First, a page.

Sunni bloc boycotts Iraq government

Iraq's largest Sunni parliamentary group withdraws from government for a week.

    The National Accordance Front has demanded that Iraqi security reign-in Shia militias [AP]

    "This suspension is for one week. "We are waiting for a positive response from the other parties, to see if they will deal with our demands seriously," said Abdullah.
     
    Hoda Abdel-Hamid, Al Jazeera's Iraq correspondant, said: "The bloc's main point on contention is the release of prisoners that have been detained with no charges.
     
    "But also that Iraqi security forces have been targetting more Sunni areas and fighters than Shia forces.
     
    "These demands could also mean the disbanding of the Iraqi government security forces, since they have been accused of being infiltrated by these militas."

    Murder 'plot'

    The Front's Sunni ministers boycotted al-Maliki's coalition government after an arrest warrant was issued in June against Asaad Kamal al-Hashemi, the culture minister.

    The minister is accused of plotting to kill Mithal Alussi, a Sunni MP, in an ambush in February 2005.

    Alussi escaped the assault but his two sons were killed.

    The Front had originally ended a month-long parliamentary boycott on July 19, and saw one of its leading members, Mahmud Mashhadani, reinstated as speaker of the Iraqi National Assembly.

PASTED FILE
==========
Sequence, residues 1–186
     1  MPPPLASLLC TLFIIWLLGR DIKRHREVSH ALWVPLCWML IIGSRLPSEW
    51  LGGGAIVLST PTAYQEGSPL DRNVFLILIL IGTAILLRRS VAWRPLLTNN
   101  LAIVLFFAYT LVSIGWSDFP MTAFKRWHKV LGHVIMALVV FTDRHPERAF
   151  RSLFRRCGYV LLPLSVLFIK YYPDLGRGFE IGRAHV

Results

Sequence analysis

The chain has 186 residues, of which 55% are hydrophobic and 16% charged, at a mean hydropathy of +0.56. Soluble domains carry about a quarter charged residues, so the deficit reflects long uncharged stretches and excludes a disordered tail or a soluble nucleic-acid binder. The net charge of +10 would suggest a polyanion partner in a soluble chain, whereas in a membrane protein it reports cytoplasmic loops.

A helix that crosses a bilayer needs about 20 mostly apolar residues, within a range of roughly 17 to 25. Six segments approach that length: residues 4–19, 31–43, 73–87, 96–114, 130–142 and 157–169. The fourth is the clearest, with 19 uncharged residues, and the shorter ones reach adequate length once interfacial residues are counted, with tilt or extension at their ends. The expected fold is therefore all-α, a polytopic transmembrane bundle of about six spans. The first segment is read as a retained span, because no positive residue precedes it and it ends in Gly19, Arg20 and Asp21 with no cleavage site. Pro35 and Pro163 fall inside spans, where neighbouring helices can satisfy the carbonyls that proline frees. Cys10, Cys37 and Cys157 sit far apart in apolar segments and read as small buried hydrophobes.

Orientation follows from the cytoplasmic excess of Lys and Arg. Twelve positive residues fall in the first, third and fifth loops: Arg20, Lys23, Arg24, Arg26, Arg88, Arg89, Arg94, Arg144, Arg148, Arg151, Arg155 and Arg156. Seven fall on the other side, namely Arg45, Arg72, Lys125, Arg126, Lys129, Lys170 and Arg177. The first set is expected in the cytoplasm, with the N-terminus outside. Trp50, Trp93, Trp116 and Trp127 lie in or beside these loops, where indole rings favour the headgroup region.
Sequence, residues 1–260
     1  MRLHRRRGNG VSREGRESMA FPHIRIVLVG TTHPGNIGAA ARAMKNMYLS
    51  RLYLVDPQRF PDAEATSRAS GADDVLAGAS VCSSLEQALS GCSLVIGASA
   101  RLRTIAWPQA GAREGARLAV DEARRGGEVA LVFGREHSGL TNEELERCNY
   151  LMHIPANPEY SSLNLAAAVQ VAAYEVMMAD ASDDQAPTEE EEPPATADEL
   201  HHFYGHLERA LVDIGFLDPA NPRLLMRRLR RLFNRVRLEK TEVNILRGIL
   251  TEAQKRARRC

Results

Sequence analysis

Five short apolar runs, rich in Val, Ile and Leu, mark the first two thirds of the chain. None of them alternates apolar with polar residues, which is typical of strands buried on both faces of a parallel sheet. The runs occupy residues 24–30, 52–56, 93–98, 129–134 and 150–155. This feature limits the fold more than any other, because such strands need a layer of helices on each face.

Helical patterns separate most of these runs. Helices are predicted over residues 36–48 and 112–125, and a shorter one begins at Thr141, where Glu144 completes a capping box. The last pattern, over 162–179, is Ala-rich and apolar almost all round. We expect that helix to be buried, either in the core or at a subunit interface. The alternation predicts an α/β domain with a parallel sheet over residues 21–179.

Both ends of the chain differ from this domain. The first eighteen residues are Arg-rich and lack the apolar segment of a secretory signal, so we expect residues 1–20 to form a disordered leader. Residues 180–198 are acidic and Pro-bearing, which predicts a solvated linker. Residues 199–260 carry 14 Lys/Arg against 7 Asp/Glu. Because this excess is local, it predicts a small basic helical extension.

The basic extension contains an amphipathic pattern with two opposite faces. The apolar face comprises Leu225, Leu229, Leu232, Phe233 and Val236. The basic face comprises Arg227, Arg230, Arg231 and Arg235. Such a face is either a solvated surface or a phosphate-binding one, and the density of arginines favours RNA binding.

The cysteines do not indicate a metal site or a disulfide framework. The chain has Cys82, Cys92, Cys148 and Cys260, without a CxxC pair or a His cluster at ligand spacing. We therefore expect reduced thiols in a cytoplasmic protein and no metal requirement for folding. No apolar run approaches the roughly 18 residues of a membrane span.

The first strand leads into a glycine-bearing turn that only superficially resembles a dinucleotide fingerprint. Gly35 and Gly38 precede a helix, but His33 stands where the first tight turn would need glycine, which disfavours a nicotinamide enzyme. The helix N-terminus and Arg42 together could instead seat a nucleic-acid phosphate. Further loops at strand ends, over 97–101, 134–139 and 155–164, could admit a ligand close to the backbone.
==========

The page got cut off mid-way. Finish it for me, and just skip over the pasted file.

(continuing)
The return of the Sunni parliamentary bloc was seen as a boost to the as it struggles to pass key legislation aimed at promoting national unity.
     
    Abdel-Hamid said: "These people are described as the moderate Sunnis - those that have decided to take a chance and participate in the Shia-led government.
     
    "The worrying problem is if the Sunni bloc pulls out [of the government] permanently.
     
    "Al-Maliki can still pass laws and go about his business but it will damage any attempt to bring about national reconciliation."

    SOURCE: Agencies


    YOU MIGHT ALSO LIKE

    Interactive: How does your country vote at the UN?

    Interactive: How does your country vote at the UN?

    We visualised 1.2 million votes at the UN since 1946. What do you think are the biggest issues facing the world today?

    'We were forced out by the government soldiers'

    'We were forced out by the government soldiers'

    We dialled more than 35,000 random phone numbers to paint an accurate picture of displacement across South Sudan.

    Interactive: Plundering Cambodia's forests

    Interactive: Plundering Cambodia's forests

    Meet the man on a mission to take down Cambodia's timber tycoons and expose a rampant illegal cross-border trade.